The final word on the Lautsi case:
the European Court of Human Rights opts for reasonableness
The so-called ‘Lautsi case’ has been one of the most hotly debated topics in the last year and a half, when it comes to the question of the presence of religious symbols in the public sphere. On 18 March 2011, the Grand Chamber of the European Court of Human Rights issued a positive and definitive decision on the matter.
In November 2009, the Second Section of the European Court of Human Rights (ECHR) had found that the compulsory display of a symbol of a particular faith in the exercise of public authority in relation to specific situations subject to governmental supervision, particularly in classrooms, restricted the right of parents to educate their children in conformity with their convictions and the right of schoolchildren to believe or not to believe. Such restrictions were deemed incompatible with the State’s duty to respect neutrality in the exercise of public authority, particularly in the field of education. Last March, the ECHR Grand Chamber overturned the previous decision, concluding that, in deciding to keep crucifixes in the classrooms of the State school attended by Ms. Lautsi's children, the authorities had acted within the limits of the margin of appreciation left to the respondent State in the context of the above-stated obligation.
The argument of the Grand Chamber
The Court clarifies first of all that the decision concerns the compatibility, in the light of the circumstances of the case, of the presence of crucifixes in Italian State-school classrooms with Article 2 of Protocol No. 1, also read in the light of Article 9 of the Convention; and not the presence of crucifixes in places other than State schools or the compatibility of their presence in State-school classrooms with the principle of secularism as enshrined in Italian law.
The Court reminds that Article 9 imposes on the Contracting States a ‘duty of neutrality and impartiality’, in which context States are also responsible for ensuring ‘neutrally and impartially’, the exercise of different religions, faiths and beliefs and of preserving public order, religious harmony and tolerance in a democratic society, especially among ‘opposing groups’.
However, because of the diversity of practices and of situations in the Contracting States, the requirements linked with the concept of ‘respect’ for the above-noted right of parents vary considerably from case to case, which justifies a wide margin of appreciation for States in this area.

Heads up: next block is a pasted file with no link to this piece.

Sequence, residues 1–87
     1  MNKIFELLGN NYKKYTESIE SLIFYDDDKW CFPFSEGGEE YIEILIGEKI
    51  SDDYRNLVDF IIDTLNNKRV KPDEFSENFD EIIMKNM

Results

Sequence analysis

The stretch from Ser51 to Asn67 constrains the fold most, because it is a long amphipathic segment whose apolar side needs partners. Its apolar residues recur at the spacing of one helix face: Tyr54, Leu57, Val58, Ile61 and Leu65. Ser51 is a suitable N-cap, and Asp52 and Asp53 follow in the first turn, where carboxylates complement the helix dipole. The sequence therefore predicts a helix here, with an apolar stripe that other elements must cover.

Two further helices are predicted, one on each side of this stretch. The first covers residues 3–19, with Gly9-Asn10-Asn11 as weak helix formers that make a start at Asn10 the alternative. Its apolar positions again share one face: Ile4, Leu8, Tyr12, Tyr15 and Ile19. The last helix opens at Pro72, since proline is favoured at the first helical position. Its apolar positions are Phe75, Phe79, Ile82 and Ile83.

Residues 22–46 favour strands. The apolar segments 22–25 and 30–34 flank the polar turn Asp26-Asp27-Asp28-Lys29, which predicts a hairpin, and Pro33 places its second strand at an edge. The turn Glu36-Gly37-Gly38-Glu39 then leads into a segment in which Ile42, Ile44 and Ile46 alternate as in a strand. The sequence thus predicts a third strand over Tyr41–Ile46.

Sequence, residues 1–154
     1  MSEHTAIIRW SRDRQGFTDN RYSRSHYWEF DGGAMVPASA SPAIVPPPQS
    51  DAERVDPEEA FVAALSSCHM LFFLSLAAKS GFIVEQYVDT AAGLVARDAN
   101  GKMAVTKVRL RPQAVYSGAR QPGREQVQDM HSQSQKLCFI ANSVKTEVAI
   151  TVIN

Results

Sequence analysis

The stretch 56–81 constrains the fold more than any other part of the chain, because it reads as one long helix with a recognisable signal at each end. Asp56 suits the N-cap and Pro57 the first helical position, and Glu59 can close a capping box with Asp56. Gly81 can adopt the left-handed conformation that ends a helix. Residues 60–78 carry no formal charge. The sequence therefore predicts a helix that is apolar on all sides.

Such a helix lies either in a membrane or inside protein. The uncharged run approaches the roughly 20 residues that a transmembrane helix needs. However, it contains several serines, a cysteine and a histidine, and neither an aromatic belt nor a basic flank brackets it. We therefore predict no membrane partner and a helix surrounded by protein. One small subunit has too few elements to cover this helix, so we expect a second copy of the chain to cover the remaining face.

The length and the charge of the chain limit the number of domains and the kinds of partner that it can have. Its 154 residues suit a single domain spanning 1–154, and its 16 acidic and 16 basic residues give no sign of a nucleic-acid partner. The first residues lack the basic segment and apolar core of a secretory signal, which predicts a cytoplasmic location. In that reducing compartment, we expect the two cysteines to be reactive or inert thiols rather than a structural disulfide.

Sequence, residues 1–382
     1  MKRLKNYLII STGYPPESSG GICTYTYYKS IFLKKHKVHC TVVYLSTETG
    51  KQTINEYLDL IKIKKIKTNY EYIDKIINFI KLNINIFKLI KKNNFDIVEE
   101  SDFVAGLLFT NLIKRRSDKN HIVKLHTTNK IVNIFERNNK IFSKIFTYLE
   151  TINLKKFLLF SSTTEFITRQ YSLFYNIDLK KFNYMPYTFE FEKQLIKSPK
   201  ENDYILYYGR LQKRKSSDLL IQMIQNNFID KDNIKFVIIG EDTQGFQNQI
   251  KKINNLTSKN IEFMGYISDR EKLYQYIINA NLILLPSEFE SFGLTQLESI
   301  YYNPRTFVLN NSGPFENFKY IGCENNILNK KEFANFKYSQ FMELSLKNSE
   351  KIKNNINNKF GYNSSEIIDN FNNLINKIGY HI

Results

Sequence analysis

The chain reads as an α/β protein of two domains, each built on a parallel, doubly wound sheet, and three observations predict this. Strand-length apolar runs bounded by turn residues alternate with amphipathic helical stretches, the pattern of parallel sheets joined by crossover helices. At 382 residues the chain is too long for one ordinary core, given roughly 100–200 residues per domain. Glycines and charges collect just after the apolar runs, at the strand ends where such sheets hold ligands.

The Court confirms that the setting and planning of the curriculum fall within the competence of the Contracting States and that in principle the Court is not called upon to decide on such issues, whose solutions can legitimately differ depending on the State and the historical period; and that the State, in exercising these functions, must ensure that the curricula’s information/knowledge is “…conveyed in an objective, critical and pluralistic manner, enabling pupils to develop a critical mind particularly with regard to religion in a calm atmosphere free of any proselytism”, while the State “…is forbidden to pursue an aim of indoctrination that might be considered as not respecting parents' religious and philosophical convictions”. The Court also confirms that the obligation to respect the religious and philosophical convictions of parents concerns the exercise of all the ‘functions’ that the State assumes in the area, including the organisation of the school environment, where the national law attributes this function to the public authorities (as in the case of crucifixes in Italian State-school classrooms).
According to the Court, while the crucifix is above all a religious symbol, there is no evidence that the display of a religious symbol on classroom walls may or may not have an effect on young persons whose convictions are still in the process of being shaped. The applicant's subjective perception in this regard is alone not sufficient to establish a breach of Article 2 of Protocol No. 1.
The Court also underlines that the decision whether or not to perpetuate a tradition falls in principle within the margin of appreciation of the respondent State and that consideration must be given to Europe’s great diversity in cultural and historical development; but it adds that the reference to a tradition cannot free a Contracting State from the obligation to respect the Convention and its Protocols.